Post-Brexit labour shortages deal blow to UK cannabis production

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The company that owns the UK’s biggest cannabis production site for use in pharmaceuticals has called for changes to immigration policy following labour shortages after it was excluded from a visa scheme for farm workers.

Peter Watson, agriculture director of British Sugar — which grows cannabis for use in epilepsy medicines at Wissington in Norfolk — blamed the recruitment problems on the rules of the seasonal agricultural workers’ scheme.

The labour problems come as investments in cannabis companies soar after several countries, including the UK, legalised the use of medicines using extracts from the plant.

British Sugar’s operation, which supplies the US company Jazz Pharmaceuticals with ingredients for licensed anti-epilepsy drugs, is one of many farming businesses shut out of the seasonal workers’ scheme because they are not growing food.

The scheme, still a pilot, has this year permitted UK farmers to bring in as many as 30,000 workers from abroad for up to six months for harvesting. It aims to replace some of the overseas workforce who previously arrived under EU free movement.

Watson said: “It is disappointing that we have had a year that has been very challenging due to the worker shortages at our glasshouses.

“Our seasonal colleagues live on site for the growing and harvesting periods and we have historically employed people from both the UK and countries across Europe,” he added. “The restrictions to the pilot this year have meant we have struggled to recruit people.”

He said British Sugar wanted the government to expand the scheme to non-edible crops next year. “We would like a long-term commitment from the government that the labour demand for pharmaceutical growing is treated in the same way as growing for food,” he said.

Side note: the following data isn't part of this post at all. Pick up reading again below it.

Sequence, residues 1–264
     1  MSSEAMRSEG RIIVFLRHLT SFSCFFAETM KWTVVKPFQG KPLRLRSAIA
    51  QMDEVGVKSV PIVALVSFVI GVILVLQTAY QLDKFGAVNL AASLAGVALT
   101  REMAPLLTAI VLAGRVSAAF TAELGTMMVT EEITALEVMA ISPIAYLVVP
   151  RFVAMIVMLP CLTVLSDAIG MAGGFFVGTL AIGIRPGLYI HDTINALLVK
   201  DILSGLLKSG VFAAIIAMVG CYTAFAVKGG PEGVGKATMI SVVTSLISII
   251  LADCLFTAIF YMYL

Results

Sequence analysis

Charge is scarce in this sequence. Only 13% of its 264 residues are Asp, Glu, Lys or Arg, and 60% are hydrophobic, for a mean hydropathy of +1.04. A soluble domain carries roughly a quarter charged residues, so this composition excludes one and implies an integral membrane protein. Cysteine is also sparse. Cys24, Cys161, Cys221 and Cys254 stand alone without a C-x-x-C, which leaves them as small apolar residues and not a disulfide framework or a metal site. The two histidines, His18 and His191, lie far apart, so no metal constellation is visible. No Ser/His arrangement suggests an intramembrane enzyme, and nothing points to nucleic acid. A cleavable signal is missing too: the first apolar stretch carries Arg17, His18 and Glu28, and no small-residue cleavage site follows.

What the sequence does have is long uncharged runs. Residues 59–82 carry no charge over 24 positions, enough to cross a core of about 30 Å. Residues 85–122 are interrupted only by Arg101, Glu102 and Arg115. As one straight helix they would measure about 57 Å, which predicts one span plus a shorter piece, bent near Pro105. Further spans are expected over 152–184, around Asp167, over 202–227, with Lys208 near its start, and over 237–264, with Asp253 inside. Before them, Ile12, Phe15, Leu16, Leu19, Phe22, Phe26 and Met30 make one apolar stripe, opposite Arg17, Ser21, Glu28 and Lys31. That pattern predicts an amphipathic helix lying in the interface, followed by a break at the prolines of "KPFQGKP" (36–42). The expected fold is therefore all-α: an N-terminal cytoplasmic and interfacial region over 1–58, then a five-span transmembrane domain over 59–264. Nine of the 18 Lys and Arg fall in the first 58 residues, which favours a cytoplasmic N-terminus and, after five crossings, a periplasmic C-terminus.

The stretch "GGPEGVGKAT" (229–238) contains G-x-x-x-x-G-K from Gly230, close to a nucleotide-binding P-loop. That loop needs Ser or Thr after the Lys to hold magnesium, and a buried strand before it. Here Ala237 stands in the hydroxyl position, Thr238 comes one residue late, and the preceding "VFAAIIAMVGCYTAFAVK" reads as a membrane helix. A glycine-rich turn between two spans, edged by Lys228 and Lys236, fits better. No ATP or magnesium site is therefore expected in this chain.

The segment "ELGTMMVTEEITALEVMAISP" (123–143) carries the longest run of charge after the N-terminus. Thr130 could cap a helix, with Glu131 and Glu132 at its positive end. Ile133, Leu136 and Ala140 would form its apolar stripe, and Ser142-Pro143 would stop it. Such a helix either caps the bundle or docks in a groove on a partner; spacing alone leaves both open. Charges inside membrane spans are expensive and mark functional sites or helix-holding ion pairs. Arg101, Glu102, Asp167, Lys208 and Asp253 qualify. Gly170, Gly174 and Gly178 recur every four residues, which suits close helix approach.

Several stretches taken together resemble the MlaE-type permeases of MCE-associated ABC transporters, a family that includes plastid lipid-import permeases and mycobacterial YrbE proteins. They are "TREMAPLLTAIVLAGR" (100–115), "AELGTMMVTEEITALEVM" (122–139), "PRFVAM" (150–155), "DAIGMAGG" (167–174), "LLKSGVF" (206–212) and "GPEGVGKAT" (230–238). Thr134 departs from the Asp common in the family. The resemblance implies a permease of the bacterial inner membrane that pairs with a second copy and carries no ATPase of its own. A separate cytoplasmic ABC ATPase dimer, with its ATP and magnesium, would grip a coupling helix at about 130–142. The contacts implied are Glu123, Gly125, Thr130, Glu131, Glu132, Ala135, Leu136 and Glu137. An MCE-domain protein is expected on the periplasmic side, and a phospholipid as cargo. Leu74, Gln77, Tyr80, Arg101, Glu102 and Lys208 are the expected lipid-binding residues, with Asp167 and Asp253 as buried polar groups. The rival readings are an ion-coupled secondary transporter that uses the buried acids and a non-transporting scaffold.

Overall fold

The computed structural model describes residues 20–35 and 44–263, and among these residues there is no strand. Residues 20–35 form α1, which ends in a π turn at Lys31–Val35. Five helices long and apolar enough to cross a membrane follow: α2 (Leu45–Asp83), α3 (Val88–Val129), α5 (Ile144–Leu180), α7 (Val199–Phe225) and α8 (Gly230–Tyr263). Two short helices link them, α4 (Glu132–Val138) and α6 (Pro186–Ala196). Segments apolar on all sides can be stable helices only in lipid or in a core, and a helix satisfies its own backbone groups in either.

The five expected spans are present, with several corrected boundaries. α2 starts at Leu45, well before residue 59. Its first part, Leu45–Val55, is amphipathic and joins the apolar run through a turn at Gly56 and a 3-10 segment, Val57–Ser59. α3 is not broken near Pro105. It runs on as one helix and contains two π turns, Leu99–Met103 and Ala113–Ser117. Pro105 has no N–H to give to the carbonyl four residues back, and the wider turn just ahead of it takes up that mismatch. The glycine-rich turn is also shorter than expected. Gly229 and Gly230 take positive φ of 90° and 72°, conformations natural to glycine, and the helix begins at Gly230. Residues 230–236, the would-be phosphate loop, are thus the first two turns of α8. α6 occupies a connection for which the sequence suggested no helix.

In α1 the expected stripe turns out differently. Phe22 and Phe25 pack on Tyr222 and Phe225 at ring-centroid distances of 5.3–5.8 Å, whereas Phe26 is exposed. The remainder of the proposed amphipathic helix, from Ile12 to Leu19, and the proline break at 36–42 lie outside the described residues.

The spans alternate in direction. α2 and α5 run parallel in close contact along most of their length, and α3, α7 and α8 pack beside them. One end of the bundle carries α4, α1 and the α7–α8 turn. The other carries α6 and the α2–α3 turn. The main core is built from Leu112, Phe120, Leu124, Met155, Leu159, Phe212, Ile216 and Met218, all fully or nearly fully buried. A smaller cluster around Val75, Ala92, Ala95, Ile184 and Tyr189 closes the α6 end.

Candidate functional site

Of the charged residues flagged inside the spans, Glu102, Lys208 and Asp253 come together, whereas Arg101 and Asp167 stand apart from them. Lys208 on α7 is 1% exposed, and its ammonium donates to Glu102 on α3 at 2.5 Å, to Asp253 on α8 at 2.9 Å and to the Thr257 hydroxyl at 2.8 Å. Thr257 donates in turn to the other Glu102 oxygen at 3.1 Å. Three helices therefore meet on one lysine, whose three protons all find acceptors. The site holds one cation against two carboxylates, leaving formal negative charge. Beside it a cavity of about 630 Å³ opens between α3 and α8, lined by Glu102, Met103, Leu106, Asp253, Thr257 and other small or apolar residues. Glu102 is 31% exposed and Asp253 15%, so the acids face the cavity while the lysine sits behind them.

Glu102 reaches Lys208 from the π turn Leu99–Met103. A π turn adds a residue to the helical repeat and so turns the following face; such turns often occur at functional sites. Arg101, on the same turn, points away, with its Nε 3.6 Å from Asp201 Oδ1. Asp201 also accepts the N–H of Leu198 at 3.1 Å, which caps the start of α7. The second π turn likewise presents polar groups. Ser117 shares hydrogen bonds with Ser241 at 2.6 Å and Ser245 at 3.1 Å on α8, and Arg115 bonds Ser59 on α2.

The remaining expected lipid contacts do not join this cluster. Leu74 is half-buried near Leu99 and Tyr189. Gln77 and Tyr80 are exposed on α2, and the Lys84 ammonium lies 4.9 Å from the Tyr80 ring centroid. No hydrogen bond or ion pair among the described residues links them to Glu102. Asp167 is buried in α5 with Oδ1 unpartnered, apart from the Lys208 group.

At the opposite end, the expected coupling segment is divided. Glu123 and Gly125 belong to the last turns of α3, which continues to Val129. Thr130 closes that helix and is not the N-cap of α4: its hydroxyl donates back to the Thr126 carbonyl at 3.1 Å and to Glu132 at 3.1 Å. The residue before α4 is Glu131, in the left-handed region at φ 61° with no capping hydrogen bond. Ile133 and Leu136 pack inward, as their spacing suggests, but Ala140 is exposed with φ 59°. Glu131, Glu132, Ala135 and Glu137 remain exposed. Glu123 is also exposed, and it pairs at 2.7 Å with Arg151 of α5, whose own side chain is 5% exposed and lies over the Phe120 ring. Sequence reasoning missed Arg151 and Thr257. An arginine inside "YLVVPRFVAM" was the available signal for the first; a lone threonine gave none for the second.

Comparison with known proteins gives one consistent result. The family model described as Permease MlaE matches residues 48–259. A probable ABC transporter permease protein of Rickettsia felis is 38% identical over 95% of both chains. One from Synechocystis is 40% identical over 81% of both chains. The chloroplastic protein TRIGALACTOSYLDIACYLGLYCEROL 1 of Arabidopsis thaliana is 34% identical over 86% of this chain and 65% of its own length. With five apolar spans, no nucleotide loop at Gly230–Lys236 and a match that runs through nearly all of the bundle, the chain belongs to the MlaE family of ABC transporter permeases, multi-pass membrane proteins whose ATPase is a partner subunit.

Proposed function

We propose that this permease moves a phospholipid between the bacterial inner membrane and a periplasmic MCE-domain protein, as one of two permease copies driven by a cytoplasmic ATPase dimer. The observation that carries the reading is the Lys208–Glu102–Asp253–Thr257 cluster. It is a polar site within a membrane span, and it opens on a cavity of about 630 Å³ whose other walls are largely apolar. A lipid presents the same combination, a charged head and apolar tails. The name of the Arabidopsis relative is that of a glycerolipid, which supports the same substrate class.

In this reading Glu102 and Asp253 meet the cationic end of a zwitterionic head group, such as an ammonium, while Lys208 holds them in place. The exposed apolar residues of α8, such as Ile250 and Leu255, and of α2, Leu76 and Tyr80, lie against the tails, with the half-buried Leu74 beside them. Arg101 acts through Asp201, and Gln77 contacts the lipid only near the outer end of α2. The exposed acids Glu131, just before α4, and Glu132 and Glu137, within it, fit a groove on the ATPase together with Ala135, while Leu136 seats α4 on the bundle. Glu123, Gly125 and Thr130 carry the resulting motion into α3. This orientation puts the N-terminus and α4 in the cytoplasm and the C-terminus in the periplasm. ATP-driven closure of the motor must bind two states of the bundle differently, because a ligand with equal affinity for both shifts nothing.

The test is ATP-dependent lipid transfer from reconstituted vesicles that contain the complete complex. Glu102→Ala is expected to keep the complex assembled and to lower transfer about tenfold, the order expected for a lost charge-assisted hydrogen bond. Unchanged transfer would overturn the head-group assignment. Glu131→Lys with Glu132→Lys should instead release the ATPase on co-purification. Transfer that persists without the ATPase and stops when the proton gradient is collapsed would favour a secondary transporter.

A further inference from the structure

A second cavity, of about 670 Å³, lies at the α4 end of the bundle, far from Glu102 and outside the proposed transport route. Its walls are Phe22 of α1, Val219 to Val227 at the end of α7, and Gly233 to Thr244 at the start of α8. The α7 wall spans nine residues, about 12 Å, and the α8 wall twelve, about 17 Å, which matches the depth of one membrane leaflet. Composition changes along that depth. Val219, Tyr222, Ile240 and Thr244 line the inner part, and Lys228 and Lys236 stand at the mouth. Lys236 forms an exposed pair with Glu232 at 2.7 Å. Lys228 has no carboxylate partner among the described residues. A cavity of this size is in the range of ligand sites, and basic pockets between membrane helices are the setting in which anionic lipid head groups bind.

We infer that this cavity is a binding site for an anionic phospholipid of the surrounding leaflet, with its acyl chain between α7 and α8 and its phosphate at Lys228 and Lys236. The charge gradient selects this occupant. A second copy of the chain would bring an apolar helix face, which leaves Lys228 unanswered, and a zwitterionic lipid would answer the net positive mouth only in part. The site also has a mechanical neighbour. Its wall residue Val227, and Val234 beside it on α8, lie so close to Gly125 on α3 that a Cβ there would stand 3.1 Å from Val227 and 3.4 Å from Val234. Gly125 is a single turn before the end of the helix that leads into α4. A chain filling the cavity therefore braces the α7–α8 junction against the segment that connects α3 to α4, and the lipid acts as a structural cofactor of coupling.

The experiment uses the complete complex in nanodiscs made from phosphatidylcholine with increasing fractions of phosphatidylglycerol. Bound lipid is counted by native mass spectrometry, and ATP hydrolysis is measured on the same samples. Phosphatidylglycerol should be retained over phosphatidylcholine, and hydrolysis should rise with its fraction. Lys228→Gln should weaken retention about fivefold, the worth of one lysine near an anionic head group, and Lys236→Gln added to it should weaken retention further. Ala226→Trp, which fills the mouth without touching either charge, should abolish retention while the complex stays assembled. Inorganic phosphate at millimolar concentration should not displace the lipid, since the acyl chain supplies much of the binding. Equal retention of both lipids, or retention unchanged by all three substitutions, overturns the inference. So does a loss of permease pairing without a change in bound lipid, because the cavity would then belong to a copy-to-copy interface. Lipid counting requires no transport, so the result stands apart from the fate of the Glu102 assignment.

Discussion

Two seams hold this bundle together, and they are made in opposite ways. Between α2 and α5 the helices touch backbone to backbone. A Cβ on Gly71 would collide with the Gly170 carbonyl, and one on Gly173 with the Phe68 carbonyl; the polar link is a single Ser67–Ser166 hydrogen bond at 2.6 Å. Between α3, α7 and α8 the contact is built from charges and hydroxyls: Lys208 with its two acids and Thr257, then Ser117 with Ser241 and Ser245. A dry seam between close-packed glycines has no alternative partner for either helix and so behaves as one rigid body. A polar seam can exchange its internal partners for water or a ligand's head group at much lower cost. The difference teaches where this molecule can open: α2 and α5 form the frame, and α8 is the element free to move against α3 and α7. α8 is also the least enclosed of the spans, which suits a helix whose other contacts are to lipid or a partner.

Audrey Elliott, an employment and immigration partner at Eversheds Sutherland, the law firm, said the exclusion was hitting companies growing plants for pharmaceuticals and those conducting research on new, more disease-resistant or higher-yield crops.

“The nature of this work, often requiring concentrated work over short time periods and living on site, is not attractive or maybe not possible for many people,” Elliott said.


Chris Tovey, chief operating officer for Jazz Pharmaceuticals in the UK

Chris Tovey, chief operating officer for Jazz Pharmaceuticals in the UK © Jason Alden/Bloomberg

British Sugar uses heat and carbon dioxide generated by sugar production at its Wissington factory to grow cannabis in an 18-hectare glasshouse there under an agreement with GW Pharmaceuticals, which was bought by Jazz Pharmaceuticals in May.

Jazz is the only group working in the UK at commercial scale to provide licensed drugs, the most highly regulated part of the growing market to supply legal cannabis-related products. The plants are bred to have high levels of the CBD compound, which can help to control some forms of epilepsy.

Jazz Pharmaceuticals acknowledged the problems, but said it had still been able to meet its obligations to supply medicines.

“While our growing partners have experienced some variation in seasonal worker availability this year, this has not impacted our production or output,” said Chris Tovey, chief operating officer for Jazz Pharmaceuticals in the UK.

MPs recommended in a report last week that licensing of medicinal cannabinoids should be moved from the Home Office to The Department of Health and Social Care to facilitate growth in the sector and prevent the UK “losing out on a [roughly] £1bn medicines industry”.

Until the UK’s exit from the EU single market and customs union on December 31, which ended the Brexit transition period, farms relied on EU free movement to bring in short-term workers.

Under the new immigration regime, which focuses on admitting skilled and higher-paid workers, agriculture is the sole sector with a scheme to bring in low-skilled workers. It aims to address the acute shortage of UK workers willing to undertake the demanding, often low-paid work.

Flower growers have previously said they were having to let blooms rot because of labour shortages.

The Home Office said the terms of the scheme would not change. “There are currently no plans to expand the scope of the Seasonal Workers’ Pilot beyond edible horticulture and employers should focus on training and investing in our domestic workforce rather than relying on labour from abroad,” it said.

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